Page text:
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J Occup Environ Med. 2014 May;56(5):510-5. doi: 10.1097/JOM.0000000000000132.

Association of sleep habits with accidents and near misses in United States transportation operators.

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From the Department of Environmental & Occupational Medicine & Epidemiology (Drs Johnson, Baur, and Kales), Harvard School of Public Health, Boston; The Cambridge Health Alliance (Drs Johnson and Kales), Harvard Medical School, Cambridge; Division of Sleep Medicine (Drs Patel and Malhotra), Brigham and Women's Hospital, Harvard Medical School, Boston, Mass; Interdisciplinary Center for Hormone and Metabolic Disorders (Dr Baur), Endokrinologikum ULM, Ulm, Germany; Army Capabilities Integration Center (Dr Edens), Fort Eustis, Va; and National Center for Intermodal Transportation (Dr Sherry), University of Denver, Colo.



To explore sleep risk factors and their association with adverse events in transportation operators.


Self-reported sleep-related behaviors were analyzed in transportation operators (drivers, pilots, and rail operators) aged 26 to 78 years who completed the National Sleep Foundation's 2012 "Planes, Trains, Automobiles, and Sleep" survey. Regression analyses were used to assess the associations of various sleep-related variables with the combined outcome of self-reported accidents and near misses.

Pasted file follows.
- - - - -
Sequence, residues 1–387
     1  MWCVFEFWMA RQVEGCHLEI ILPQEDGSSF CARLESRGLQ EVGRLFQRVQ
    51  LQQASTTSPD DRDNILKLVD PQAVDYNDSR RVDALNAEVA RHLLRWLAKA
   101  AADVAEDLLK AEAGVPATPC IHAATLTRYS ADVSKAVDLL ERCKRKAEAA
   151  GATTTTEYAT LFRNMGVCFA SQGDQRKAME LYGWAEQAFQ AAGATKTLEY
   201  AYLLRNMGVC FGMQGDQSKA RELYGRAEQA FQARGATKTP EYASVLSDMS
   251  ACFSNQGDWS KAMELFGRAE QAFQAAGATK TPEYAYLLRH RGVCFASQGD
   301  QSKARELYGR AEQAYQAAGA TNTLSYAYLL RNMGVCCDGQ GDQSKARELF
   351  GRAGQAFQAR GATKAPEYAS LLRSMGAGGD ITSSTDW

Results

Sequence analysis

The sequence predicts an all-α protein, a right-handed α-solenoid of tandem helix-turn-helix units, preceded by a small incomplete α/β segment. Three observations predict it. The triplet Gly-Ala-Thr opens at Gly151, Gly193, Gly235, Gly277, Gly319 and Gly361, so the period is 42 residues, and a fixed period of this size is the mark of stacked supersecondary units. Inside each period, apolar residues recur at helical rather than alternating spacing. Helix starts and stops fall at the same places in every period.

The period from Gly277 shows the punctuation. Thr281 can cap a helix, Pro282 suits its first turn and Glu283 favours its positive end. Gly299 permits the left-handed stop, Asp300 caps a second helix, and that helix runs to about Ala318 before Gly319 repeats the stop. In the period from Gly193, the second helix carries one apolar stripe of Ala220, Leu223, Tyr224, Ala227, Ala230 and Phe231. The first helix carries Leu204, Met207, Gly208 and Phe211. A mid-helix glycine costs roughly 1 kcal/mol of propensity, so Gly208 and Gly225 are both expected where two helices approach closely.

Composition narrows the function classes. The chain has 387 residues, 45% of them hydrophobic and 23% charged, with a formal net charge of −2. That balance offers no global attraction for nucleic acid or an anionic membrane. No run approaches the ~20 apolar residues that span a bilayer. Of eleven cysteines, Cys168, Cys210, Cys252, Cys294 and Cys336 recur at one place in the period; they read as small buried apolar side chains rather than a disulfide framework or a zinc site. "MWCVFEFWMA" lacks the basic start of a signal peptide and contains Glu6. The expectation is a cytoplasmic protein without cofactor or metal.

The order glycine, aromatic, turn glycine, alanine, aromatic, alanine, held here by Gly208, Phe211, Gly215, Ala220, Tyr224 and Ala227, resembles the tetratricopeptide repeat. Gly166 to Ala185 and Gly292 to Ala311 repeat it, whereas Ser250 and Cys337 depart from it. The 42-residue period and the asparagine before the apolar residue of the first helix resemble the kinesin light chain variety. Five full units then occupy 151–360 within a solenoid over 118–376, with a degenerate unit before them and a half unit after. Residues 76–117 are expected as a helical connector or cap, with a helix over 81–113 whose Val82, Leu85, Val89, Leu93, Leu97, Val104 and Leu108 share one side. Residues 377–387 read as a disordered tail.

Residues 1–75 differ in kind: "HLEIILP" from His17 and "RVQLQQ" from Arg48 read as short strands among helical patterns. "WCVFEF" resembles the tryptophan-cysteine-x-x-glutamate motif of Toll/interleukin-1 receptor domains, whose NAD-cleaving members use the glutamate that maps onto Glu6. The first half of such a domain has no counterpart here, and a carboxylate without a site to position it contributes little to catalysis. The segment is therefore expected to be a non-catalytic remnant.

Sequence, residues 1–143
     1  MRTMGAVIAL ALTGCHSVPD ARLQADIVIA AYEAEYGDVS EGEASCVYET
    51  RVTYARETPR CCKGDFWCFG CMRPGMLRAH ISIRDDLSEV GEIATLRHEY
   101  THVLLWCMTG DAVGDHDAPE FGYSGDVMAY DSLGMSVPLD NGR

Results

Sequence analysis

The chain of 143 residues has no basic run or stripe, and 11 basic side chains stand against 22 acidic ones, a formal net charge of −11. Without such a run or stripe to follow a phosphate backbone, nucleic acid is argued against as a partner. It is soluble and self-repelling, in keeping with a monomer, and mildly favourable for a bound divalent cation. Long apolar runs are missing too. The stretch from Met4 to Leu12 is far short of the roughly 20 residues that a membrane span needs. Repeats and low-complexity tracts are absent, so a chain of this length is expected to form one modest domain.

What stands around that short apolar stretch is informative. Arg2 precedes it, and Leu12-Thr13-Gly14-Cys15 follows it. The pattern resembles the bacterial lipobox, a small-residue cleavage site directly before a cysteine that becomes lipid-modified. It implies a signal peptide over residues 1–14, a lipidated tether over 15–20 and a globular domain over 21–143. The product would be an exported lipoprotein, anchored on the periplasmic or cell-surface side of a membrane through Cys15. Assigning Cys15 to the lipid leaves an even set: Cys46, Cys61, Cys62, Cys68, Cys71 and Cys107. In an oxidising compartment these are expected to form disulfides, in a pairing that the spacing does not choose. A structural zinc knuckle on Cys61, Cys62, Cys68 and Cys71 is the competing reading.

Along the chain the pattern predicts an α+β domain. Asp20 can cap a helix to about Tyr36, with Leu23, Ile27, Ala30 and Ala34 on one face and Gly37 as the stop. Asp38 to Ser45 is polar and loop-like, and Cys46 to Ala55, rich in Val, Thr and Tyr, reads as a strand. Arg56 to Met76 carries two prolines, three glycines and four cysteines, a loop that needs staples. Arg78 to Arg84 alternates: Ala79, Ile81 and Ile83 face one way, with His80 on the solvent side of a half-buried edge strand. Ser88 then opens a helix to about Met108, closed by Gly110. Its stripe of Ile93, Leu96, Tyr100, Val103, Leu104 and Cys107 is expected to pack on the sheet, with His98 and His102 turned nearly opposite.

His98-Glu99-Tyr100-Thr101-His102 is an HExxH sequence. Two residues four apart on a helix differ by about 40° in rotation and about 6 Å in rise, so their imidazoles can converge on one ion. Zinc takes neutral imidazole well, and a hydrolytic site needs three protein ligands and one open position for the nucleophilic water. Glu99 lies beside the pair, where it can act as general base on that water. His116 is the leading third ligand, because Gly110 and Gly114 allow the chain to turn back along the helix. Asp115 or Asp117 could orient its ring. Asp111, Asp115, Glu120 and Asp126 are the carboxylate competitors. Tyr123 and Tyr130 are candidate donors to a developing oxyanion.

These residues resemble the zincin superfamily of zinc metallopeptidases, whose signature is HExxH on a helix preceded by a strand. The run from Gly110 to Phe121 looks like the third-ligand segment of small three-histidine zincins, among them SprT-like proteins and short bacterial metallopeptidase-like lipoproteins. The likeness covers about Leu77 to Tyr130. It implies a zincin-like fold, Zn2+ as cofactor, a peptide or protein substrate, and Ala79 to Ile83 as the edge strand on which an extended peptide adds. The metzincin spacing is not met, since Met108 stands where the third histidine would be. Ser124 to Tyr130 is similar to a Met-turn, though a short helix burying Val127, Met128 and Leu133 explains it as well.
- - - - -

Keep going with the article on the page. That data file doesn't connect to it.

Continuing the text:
Age- and body mass-adjusted predictors of accidents/near misses included an accident while commuting (odds ratio [OR] = 4.6; confidence interval [CI], 2.1 to 9.8), driving drowsy (OR = 4.1; CI, 2.5 to 6.7), and Sheehan Disability Scale score greater than 15 (OR = 3.5; CI, 2.2 to 5.5). Sleeping more than 7 hours nightly was protective for accident/near misses (OR = 0.6; CI, 0.4 to 0.9).


Recognized risk factors for poor sleep or excessive daytime sleepiness were significantly associated with self-reported near misses and/or accidents in transportation operators.

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